Review article| Volume 150, P37-41, August 2021

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Symptomatic menopause: Additional challenges for incarcerated women


      • Menopausal women who are incarcerated are at increased risk of having a more adverse menopausal experience than non-incarcerated ones.
      • Prison itself adversely affects quality of life, due to confinement, societal stigma and the absence of family.
      • Incarcerated menopausal women tend to be at increased risk of exacerbation of depressive and anxiety symptoms, which they are already at risk for when in prison.
      • These mental health issues are also directly related to vasomotor symptoms, night sweats, and interrupted sleep patterns.
      • Resources should be made available for more comprehensive medical care of incarcerated women, including hormonal therapy when indicated.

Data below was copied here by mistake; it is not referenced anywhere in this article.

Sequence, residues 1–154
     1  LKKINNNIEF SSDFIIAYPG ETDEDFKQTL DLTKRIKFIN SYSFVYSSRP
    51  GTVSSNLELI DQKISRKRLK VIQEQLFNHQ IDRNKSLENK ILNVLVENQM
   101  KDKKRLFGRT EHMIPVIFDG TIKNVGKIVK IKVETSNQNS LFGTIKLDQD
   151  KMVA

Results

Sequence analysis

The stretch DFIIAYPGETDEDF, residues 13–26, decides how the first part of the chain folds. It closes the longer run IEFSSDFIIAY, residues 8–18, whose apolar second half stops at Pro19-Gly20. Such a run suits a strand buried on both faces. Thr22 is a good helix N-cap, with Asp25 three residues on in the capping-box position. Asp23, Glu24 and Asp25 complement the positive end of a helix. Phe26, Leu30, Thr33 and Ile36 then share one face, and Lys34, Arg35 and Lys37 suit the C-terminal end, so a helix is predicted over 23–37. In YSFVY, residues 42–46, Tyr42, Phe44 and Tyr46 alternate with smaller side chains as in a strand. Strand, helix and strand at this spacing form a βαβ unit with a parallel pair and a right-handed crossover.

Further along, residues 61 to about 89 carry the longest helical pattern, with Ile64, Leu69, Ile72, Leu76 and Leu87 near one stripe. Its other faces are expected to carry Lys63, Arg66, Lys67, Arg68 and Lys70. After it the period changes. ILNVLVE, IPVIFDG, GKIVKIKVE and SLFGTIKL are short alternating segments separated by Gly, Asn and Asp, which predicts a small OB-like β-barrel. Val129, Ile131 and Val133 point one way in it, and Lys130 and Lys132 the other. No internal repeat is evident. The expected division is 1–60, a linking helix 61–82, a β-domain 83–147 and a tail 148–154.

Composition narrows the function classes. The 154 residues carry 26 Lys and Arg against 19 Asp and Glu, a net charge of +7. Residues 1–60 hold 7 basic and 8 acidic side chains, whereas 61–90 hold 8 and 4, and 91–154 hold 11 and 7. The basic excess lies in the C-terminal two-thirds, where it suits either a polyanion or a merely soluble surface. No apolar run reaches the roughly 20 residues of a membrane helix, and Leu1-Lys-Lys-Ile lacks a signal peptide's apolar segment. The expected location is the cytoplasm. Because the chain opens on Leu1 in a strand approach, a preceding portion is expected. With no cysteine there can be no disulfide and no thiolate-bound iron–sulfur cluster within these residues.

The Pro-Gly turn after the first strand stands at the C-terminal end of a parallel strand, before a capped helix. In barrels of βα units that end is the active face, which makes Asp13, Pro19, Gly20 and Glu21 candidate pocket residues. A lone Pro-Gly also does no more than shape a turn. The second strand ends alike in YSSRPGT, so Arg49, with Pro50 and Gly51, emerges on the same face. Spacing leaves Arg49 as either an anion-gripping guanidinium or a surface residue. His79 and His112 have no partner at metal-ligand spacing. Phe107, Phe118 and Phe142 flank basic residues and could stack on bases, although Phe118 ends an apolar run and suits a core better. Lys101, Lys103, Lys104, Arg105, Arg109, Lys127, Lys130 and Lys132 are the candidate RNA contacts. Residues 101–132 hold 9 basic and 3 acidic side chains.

Menopause is an age-associated physiological transition in women, usually occurring between the ages of 40 and 58 years, with an average of 51 years. As the age of women residing in the prison system is increasing globally, it becomes increasingly important for older female inmates to be assessed for menopausal symptoms and offered effective, personalized management. Middle-aged and older women, regardless of their living situation, are at increased risk of experiencing vasomotor symptoms and developing pelvic floor problems, bladder dysfunction and osteoporosis. However, all of these menopausal sequelae are typically exacerbated by prison conditions and by a lack of health support. Therefore, it is critical to implement prison programs and to create gender-specific training to aid in the health care needs of aging female inmates. Addressing this growing population of incarcerated women and attending to their menopausal needs require advocacy and active monitoring of prison-specific templates of care to ensure quality care. One such initiative legislated to address the health care needs of incarcerated women was commenced in New Jersey, USA. This entity, the NJ Commission on Women's Reentry, is addressing the unique health care needs of women, including menopausal ones, while incarcerated and then upon reentry into their community.


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